I am a citizen of the archipelago state called Prospera. Located far from any landmass, Prospera exists in splendid isolation, hidden from the world. Its climate, like all things about it, is entirely beneficent: warming sunshine, cooling ocean breezes, and frequent, gentle rains. Island one, known as Prospera proper, is roughly circular, covering 482 square miles. It is here that all Prosperans reside. With its shorelines of crystalline white sand, interior forests abundant with wildlife, and inland valleys of the most fertile soil, it might be mistaken for a mythological paradise. Island two, known as the Annex, is home to the support staff—­men and women of lesser biological and social endowments who nevertheless are, in my experience, wholly pleasant to be around. Roughly a quarter the size, it is connected to Prospera by a floating causeway, over which these helpful citizens travel daily to perform their various duties.

The last of the three islands is different from the others, in that we know very little about what occurs there, only that it does. This is known as Nursery Isle, or, more simply, the Nursery. Protected by dangerous shoals and towering cliffs, it might be likened to a floating fortress. There is only one way in, an opening on the eastern flank of the island, through which the ferry passes—­a journey that each Prosperan takes twice per iteration, once at the beginning, once at the end. I cannot say who lives on Nursery Isle, though doubtless someone must. Some people say that the Designer himself resides there, overseeing the regenerative process that serves as the foundation for our exceptional way of life.

In this lush land, free of all want and distraction, Prosperans devote themselves to the highest aspirations. Creative expression and the pursuit of personal excellence: these are the cornerstones of our civilization. We are a society of musicians and painters, poets and scholars, artisans of every type. The clothes we wear, the food we eat, the social gatherings we attend, the spaces in which we work and rest and recreate—­each facet of daily life is subject to the most scrutinizing curatorial eye. One might say that Prospera itself is a work of art, a canvas upon which each of our citizens brings to bear a single, exquisitely rendered brushstroke.

What is our history? How did we come to be? To these questions I haven’t much to offer; even the year has become difficult to know. And what we know of the rest of the world’s present state is, in a word, nothing. Protected by the Veil—­an electromagnetic barrier that hides us from the world, and the world from us—­we are spared this dismal tale. Yet one can easily imagine. War, pestilence, famine, environmental collapse; vast migrations and fanaticism of every stripe; a world de-­civilized as the earth’s peoples, sworn to competing gods, turned upon one another: such were the convulsions that inspired the Designer to build our hidden sanctuary in ages past. Rarely, if ever, do we speak of these matters, known collectively as “the horrors,” because there is no profit in it. Which is, one might say, the heart of the Designer’s genius and the whole point of Prospera: to shelter the best of humanity from the worst of it.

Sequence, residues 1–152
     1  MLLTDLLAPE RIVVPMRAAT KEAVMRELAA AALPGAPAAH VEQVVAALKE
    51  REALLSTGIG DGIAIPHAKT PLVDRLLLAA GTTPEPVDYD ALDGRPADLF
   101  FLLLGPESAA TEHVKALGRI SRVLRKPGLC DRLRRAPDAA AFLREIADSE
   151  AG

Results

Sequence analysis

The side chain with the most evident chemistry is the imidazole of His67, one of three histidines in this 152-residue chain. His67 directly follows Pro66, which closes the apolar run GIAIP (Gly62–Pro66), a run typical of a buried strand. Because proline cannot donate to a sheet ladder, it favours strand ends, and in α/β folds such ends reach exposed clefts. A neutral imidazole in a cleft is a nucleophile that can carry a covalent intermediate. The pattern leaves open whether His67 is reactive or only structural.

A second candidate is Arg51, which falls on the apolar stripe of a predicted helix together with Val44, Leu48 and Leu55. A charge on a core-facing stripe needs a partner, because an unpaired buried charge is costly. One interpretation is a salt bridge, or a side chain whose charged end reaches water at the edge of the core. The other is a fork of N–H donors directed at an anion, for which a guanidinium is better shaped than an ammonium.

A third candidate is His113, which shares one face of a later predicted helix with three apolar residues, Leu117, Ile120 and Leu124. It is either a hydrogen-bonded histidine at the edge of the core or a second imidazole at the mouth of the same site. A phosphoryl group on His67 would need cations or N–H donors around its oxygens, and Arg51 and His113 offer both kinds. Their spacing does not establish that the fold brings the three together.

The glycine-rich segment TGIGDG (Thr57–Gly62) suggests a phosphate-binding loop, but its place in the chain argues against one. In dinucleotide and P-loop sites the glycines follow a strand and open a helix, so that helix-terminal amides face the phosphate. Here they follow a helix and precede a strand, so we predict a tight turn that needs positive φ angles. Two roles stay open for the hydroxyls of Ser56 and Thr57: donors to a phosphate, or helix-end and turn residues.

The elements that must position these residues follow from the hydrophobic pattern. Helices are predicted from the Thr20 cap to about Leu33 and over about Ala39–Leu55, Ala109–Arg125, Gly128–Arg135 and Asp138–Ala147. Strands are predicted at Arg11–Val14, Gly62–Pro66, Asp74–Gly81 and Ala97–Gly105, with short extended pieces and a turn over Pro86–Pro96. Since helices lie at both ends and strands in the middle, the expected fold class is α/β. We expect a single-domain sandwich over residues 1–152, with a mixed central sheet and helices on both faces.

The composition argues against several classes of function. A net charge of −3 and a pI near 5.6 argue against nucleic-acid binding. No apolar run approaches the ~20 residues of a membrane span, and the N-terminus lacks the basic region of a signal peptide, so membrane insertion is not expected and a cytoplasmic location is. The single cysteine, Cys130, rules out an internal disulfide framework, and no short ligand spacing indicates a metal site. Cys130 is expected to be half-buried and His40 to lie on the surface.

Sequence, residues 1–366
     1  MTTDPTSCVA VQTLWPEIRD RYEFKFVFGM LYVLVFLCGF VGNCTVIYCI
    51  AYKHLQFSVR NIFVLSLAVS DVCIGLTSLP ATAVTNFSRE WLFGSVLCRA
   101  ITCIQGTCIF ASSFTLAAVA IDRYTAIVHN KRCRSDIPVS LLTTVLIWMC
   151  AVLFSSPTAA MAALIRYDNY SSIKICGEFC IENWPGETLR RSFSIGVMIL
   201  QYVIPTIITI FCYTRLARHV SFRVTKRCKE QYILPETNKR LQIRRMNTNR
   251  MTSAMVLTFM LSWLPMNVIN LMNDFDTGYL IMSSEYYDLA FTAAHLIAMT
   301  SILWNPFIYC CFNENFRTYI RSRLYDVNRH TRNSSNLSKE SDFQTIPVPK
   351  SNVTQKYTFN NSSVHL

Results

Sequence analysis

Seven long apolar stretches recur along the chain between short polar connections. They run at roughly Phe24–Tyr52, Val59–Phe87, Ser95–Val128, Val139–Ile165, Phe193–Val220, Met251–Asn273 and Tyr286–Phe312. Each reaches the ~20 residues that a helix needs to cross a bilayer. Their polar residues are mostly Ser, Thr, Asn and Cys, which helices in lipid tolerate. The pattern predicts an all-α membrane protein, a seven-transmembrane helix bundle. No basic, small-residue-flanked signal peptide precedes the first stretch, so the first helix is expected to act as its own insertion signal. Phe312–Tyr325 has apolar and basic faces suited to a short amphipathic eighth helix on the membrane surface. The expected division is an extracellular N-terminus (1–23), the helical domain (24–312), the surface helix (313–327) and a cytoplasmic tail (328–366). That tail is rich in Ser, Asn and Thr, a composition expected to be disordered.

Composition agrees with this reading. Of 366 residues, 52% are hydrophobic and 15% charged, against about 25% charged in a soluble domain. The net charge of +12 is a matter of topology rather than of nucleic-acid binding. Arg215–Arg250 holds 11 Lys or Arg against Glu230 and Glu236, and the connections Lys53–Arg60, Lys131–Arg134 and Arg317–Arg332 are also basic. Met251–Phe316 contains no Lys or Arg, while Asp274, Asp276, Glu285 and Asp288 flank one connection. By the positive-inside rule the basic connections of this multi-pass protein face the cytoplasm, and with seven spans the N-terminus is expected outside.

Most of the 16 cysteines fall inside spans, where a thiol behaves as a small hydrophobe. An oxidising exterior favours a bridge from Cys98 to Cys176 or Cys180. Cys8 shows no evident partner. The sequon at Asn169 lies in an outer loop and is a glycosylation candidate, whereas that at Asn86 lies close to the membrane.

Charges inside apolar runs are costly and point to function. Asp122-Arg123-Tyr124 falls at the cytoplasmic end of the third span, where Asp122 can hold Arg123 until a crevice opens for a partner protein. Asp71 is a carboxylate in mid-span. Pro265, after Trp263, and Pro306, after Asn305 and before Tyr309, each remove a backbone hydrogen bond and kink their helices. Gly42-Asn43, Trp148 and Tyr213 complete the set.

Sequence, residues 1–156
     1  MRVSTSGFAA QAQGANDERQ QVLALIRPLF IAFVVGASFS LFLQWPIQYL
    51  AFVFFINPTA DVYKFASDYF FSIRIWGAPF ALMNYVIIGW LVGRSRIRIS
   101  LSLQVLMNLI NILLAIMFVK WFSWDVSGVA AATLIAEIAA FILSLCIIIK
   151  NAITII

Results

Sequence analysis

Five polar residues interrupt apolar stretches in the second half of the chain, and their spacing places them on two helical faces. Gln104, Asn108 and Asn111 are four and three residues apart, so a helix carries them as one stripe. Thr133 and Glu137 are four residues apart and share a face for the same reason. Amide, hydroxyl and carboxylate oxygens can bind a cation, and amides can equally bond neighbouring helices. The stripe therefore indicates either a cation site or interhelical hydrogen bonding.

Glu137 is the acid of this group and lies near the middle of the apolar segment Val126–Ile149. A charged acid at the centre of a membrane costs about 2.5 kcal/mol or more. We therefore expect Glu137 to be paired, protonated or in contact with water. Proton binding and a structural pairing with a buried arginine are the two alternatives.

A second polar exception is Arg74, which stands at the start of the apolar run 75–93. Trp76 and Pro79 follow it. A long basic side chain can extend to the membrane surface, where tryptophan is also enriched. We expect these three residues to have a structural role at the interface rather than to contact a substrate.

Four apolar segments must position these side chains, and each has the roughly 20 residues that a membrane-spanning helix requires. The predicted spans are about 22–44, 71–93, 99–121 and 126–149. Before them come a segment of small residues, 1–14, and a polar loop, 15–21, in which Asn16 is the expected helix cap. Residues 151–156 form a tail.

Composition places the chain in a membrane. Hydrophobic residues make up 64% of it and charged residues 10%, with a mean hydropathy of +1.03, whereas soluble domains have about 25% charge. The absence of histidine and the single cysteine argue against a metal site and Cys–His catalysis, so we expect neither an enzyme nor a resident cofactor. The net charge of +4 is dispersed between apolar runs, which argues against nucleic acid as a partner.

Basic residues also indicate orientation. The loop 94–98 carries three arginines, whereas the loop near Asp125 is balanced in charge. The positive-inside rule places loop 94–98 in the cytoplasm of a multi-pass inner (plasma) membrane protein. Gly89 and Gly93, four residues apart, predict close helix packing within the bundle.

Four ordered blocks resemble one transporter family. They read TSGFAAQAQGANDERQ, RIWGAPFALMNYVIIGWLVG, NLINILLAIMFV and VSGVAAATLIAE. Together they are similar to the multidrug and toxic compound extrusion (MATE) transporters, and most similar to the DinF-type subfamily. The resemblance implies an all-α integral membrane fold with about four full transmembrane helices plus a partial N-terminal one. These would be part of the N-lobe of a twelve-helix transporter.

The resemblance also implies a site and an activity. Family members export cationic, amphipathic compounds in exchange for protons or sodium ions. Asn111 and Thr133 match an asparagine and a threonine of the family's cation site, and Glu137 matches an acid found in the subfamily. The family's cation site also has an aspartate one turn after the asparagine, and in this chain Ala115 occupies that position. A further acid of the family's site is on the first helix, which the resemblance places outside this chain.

To leave Prospera is, naturally, forbidden. Word of our existence would threaten everything. But who could desire to leave such a place? From time to time one hears of someone—­always a member of the support staff—­who has foolishly attempted to journey beyond the Veil. But since none has returned, and our secret existence has remained intact, one can safely assume that these troublemakers have met with failure. Perhaps the seas have swallowed them. Perhaps they have found no world to receive them, civilization having finally consumed itself utterly. Perhaps, as in a tale widely told, they have simply sailed off the edge of the earth into oblivion.

As for myself: In my present iteration, I am forty-­two years old. (Prosperans start the clock at sixteen, the approximate biological age of new iterants freshly off the ferry.) My current social arrangement, my first, is a fifteen-­year contract of heterosexual marriage, renewable. After eight years together, I would say that Elise and I are generally happy. We are not the ardent lovers we once were, practically unable to keep our hands off each other. But these things soften over time, yielding at their best to an easier, more comfortable kind of partnership, and that is where we find ourselves. Our home, which Elise’s guardians paid for—­given my relatively modest salary as a civil servant, I could never afford such a thing on my own—­sits atop a rocky promontory on Prospera’s southern coast. Never have I seen Elise so blissfully in her element as during the two years of its construction. For hours every day, she huddled with the army of architects, artisans, and craftspeople, guaranteeing that her fingerprints lay upon even the smallest detail. I admit, my own interest was more tepid; I lack Elise’s eye for these things and would have been content to take quarters closer to town. I was also concerned about her guardians’ influence on our newly joined lives, her mother’s in particular. But the house makes her happy, and therefore makes me happy, and it’s there that Elise and I conduct our lives, all to the sound of wind in the palm fronds and the gnashing of white-­toothed waves upon the beach below.